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Access in northern pastoral areas undermined by residual effects of insecurity and lean season

  • Food Security Outlook Update
  • Mali
  • May 2013
Access in northern pastoral areas undermined by residual effects of insecurity and lean season

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  • Key Messages
  • Current Situation
  • Updated Assumptions
  • Projected Outlook through September 2013
  • Key Messages
    • IPC Phase 3: Crisis levels of food insecurity have remained stable in pastoral areas where the lean season is underway, and IPC Phase 2: Stress acute food insecurity outcomes are also stable in the riverbelt zones. Improving trade flows, the gradual economic recovery, and ongoing deliveries of humanitarian assistance since March should prevent any deterioration in food security in areas of concern.  

    • Northern markets continue to recover. Food prices are unchanged or up slightly from last month by five to ten percent, but still above the five-year average by 15 percent in Timbuktu and by as much as 35 percent in Gao. 

    • Available supplies of off-season cereal crops (rice and wheat) in the Office du Niger area, the Western Sahel, the Kayes region, and parts of livelihood zone 3 in Timbuktu are helping to improve food availability in these areas. 

    Current Situation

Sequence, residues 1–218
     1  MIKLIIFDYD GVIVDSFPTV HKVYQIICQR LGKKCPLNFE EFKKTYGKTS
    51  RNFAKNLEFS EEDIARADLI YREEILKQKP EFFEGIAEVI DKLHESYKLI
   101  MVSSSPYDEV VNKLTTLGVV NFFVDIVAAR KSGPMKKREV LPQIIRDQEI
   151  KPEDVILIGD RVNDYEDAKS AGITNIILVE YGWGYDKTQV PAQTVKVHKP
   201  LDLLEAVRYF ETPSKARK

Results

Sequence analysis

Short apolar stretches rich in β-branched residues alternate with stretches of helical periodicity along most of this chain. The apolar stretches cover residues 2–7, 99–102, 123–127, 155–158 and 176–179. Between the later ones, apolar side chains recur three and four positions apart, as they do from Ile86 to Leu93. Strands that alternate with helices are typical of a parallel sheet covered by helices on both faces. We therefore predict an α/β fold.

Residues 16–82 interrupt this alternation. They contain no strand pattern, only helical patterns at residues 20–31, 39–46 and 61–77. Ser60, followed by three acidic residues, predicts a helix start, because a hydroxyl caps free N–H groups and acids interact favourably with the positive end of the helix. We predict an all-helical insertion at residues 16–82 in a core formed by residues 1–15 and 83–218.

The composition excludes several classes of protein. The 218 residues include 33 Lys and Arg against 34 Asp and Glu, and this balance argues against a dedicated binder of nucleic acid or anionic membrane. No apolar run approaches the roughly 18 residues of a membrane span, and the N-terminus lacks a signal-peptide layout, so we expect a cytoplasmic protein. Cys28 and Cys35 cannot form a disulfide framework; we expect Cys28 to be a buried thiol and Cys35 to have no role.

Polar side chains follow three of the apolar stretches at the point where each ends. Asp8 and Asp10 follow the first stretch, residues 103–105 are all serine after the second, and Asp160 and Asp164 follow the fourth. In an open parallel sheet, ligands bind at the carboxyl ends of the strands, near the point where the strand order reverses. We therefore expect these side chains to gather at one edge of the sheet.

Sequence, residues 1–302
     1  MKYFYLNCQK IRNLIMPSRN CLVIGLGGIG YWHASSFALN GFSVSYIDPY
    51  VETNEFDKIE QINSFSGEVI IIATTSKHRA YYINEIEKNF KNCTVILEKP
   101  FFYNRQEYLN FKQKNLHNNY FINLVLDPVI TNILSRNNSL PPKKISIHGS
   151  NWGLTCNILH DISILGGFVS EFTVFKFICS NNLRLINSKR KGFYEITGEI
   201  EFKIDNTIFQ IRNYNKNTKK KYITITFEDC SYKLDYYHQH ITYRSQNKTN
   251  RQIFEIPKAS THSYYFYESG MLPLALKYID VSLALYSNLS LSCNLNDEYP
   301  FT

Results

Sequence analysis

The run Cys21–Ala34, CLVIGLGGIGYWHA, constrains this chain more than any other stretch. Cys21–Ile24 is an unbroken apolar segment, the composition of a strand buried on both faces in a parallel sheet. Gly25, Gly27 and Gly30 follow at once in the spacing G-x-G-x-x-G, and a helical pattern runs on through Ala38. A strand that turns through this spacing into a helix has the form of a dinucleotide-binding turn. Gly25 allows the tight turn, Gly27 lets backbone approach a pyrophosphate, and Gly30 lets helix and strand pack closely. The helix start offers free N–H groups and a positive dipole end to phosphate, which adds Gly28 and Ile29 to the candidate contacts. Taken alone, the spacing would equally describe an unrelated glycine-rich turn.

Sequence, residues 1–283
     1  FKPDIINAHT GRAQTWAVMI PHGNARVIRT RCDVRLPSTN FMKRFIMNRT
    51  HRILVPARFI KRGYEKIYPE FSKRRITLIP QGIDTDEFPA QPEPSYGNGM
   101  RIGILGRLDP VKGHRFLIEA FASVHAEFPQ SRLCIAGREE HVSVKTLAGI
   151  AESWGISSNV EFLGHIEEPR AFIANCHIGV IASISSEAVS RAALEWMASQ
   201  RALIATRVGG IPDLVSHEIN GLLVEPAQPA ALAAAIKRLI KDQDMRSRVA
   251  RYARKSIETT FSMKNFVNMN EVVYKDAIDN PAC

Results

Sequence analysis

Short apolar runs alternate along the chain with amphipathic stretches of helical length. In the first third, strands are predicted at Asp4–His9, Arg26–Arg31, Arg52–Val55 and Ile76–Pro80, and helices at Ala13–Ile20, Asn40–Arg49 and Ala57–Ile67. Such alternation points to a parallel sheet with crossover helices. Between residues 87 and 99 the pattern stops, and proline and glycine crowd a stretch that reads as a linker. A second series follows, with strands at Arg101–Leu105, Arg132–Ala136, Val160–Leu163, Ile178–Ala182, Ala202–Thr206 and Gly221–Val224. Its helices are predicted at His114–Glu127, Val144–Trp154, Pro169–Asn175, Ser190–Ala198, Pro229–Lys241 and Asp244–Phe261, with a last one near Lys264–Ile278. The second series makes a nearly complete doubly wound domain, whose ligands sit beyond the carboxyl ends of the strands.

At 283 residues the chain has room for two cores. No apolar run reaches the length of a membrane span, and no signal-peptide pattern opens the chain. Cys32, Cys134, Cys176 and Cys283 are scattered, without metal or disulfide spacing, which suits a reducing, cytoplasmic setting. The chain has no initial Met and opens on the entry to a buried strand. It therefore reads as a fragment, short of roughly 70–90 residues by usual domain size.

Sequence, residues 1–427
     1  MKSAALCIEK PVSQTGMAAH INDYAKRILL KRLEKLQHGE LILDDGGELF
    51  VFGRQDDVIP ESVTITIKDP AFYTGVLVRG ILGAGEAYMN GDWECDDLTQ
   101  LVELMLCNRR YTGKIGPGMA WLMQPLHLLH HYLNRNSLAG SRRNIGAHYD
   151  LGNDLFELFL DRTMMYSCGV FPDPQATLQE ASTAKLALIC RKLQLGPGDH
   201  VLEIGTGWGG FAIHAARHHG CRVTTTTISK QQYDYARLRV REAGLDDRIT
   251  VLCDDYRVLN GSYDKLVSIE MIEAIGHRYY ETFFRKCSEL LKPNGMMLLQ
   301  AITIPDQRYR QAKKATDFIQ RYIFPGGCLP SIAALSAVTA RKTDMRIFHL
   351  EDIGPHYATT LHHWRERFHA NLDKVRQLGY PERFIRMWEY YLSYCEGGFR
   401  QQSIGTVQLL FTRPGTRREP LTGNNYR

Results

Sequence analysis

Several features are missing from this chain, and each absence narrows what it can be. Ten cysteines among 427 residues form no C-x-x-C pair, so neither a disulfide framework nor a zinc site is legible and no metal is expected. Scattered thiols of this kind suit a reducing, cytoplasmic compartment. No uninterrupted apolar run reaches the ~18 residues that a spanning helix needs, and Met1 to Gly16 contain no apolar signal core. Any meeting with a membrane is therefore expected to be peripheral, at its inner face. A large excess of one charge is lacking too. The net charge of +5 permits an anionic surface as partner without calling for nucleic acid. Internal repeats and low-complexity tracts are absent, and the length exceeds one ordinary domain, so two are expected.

Food security in the northern part of the country is of continuing concern, particularly among poor pastoral households in the middle of the pastoral lean season.

    In the south

    • Market supply is at normal seasonal levels. According to OMA (Agricultural Market Watch), demand is down in major cereal-producing areas despite the reopening of major roads that connect these areas with the north. Normally, weekly cereal flows from San to northern areas of the country (Gao, Douentza, and Gossi) are estimated at around 300-400 metric tons, compared with the current figure of approximately 200 metric tons of millet, sorghum, and rice.
    • Prices on most markets are stable or up slightly, which is helping households maintain their food access. Millet prices in Ségou and Koulikoro are slightly above the five-year average by three percent and 26 percent, respectively. In general, rice prices are more or less stable, with prices in Ségou and Mopti down by six percent and ten percent, respectively.
    • Ongoing preparations for the upcoming growing season are a potential source of food and income for poor households in southern farming areas, particularly with many areas already reporting the first rainfall of the season.